Minister Dekker to expand fugitive convicts strategy
In recent years, the Ministry of Justice and Security, the Police, the Public Prosecution Service, the Central Fine Collection Agency (CJIB) and the Judicial Information Service (Justid) have successfully traced a large number of fugitive convicts. Thanks to their combined efforts, 1,466 people who still had to serve a prison sentence were apprehended, reducing the number of convicted persons who remain fugitives from the law. This information emerged from a letter that Minister for Legal Protection Sander Dekker submitted to the Dutch House of Representatives. In addition, he announced additional measures to prevent convicted persons from becoming untraceable. Dekker also said he planned to expand the strategy to cover those evading other sentences.
'In a country under the rule of law, people who deserve a sentence should actually serve that sentence. I feel that we have an obligation towards victims and surviving relatives to ensure that convicted persons serve the sentence that they have received. Naturally, I am pleased that we now have every fugitive convict in our sights and have already apprehended so many of them who were still residing in the Netherlands. The next step is to prevent convicted persons from disappearing without a trace.'
Thanks to the Police and Public Prosecution Service's Untraceable Convicts programme and the work done by the Fugitive Active Search Team (FAST), the number of convicted persons who still had to serve a prison sentence fell once more last year. The programme carried out extensive public record searches, which included combing social media accounts. Furthermore, an app was developed for police officers to search for outstanding sentences. This led to the apprehension of 963 persons who were evading an outstanding prison sentence in just over a year, far in excess of the target of 520 agreed with the Police for 2019. Because of the efforts of FAST, which focuses on convicted persons traced abroad who have more than 300 days left to serve, 503 persons have been apprehended since 2016, of whom 135 in 2019.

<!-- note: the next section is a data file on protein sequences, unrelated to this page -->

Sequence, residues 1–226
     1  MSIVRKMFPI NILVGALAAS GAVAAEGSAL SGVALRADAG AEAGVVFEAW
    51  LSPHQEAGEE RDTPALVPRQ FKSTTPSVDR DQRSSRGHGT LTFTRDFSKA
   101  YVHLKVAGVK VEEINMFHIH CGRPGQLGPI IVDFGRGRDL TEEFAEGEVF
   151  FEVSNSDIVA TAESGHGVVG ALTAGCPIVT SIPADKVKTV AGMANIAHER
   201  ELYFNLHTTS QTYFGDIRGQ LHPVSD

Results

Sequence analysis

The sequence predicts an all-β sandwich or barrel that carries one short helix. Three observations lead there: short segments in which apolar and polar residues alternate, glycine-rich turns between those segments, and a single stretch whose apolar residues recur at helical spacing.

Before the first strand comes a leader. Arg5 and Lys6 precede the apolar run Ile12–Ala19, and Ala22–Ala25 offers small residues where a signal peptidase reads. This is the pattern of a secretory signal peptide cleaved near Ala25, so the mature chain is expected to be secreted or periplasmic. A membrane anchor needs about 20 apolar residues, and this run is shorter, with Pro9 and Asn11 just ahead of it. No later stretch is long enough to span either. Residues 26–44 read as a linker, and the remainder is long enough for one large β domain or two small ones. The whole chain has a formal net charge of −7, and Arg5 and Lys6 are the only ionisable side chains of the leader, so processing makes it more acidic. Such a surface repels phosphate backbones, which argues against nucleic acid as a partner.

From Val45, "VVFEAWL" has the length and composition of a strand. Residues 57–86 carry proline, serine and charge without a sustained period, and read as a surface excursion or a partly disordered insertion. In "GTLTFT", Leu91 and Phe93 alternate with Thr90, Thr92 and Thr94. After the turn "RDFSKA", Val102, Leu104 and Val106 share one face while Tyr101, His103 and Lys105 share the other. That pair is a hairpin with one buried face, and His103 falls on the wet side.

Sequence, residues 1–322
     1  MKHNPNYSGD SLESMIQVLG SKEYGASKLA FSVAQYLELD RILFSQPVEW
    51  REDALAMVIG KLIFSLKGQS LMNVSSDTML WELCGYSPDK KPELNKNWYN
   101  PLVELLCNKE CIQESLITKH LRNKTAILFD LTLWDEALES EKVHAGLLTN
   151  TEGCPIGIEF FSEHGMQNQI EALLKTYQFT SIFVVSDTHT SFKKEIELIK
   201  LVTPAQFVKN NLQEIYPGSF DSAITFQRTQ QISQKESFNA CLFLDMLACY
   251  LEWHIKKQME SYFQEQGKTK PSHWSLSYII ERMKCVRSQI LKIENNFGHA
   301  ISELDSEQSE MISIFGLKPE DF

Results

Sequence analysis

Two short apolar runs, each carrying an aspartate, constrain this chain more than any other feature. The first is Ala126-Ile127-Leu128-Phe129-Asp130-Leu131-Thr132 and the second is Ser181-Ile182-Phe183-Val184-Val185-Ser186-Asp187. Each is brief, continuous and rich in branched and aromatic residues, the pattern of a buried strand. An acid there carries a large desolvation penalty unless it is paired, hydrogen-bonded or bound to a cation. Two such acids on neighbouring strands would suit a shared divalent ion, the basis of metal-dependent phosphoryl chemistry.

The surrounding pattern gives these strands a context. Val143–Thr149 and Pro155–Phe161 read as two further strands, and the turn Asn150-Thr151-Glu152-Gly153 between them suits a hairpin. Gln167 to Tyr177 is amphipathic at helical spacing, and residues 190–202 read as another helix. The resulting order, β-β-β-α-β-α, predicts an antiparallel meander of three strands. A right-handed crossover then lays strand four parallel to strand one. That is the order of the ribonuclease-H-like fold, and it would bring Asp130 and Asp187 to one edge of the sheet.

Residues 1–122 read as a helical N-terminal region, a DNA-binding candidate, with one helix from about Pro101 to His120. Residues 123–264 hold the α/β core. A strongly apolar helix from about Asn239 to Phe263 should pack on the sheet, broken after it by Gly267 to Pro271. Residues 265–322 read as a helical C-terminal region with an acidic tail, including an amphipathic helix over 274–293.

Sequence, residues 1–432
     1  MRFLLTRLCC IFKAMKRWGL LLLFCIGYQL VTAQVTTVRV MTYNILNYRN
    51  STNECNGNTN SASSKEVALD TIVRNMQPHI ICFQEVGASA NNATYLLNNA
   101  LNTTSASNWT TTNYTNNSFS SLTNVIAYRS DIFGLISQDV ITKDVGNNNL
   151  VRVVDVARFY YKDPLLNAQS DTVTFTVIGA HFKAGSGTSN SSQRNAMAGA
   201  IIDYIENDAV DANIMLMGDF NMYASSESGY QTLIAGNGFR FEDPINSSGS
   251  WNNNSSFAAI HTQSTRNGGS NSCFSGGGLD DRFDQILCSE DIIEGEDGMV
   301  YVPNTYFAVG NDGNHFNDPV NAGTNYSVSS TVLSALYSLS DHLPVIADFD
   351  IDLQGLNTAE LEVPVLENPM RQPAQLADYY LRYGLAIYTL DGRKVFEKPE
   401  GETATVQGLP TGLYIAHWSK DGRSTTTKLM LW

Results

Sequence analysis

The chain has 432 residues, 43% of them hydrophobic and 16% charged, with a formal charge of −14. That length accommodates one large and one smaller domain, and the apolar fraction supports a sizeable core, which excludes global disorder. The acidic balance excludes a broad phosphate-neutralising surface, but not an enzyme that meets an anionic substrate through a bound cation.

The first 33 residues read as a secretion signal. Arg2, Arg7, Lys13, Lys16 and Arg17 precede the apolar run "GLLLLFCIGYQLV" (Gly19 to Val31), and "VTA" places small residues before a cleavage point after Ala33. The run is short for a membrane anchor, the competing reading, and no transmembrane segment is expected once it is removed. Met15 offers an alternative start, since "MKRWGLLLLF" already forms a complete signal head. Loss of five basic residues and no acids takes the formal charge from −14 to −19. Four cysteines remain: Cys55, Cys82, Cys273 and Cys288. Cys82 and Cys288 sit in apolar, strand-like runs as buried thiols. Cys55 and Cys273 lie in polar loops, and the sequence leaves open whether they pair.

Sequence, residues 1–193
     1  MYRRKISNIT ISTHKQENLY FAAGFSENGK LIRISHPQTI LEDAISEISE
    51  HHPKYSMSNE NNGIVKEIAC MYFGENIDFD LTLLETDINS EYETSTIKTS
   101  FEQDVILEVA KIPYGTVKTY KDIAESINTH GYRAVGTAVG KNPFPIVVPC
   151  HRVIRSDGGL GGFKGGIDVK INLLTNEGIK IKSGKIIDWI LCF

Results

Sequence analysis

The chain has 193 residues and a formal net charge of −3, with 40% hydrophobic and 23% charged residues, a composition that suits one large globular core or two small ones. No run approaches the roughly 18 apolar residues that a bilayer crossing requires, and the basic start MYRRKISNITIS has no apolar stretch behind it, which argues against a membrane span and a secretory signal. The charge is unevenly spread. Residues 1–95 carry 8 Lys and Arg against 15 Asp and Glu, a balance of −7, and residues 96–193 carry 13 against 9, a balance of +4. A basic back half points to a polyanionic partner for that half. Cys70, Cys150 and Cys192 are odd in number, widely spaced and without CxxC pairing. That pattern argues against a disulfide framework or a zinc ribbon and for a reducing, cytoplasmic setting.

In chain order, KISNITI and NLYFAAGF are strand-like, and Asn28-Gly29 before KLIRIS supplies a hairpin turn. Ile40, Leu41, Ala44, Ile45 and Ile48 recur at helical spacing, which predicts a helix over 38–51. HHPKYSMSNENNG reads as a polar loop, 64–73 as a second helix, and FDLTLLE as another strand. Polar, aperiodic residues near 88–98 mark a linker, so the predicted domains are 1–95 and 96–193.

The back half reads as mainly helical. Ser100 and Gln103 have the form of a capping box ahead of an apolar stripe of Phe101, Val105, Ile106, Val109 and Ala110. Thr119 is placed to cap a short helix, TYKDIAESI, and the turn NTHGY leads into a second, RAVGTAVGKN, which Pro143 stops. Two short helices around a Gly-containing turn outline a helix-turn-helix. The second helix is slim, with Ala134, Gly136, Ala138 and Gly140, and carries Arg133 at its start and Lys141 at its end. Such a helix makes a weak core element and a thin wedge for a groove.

Expanding the strategy
Minister Dekker intends to do more to ensure that convicted criminals can no longer hide from the law. The approach will be three-pronged:
- Prevention. The most effective measure is to prevent convicted persons from evading their sentence. Of those that successfully do so, 90 per cent flee abroad, after which the chance of them serving their sentence is much reduced. Thanks to agreements between the judiciary and the Public Prosecution Service, the risk of evasion can now be assessed more accurately. In addition, a trial will be launched to apply accelerated proceedings to persons who present an elevated evasion risk, so that the sentence can be carried out immediately. Furthermore, an investigation will be carried out into the feasibility of revoking the suspension of pre-trial detention if a risk of evasion exists and whether making a suspension conditional on the payment of a deposit could be a deterrent to evasion.
- More effective detection. Work to detect untraceable convicts will continue unabated. Initial results show that the 'Single Authority' approach in Amsterdam, which was announced last year, is bearing fruit. When fugitives come out of hiding to renew their passport or apply for an identity document, the Police are called. This has led to multiple apprehensions. Consultation is under way with a view to rolling out this approach to Rotterdam, Utrecht and The Hague. Moreover, Minister Dekker will step up his efforts to have outstanding short-term sentences recognised internationally. At the moment, such sentences are not recognised in other countries, which present convicted persons with an opportunity for evasion. To prevent them from evading their sentence indefinitely by remaining in hiding long enough (whether in the Netherlands or abroad), Minister Dekker is preparing a legislative proposal to abolish enforcement terms.
- Expansion to other sentences. Now that the strategy has proven successful with regard to outstanding prison sentences, the next step is to apply the same approach to other sentences. As a consequence, it will be expanded to cover outstanding compensation orders, confiscation orders and fines. This way, those convicted of other offences will also no longer be able to evade justice.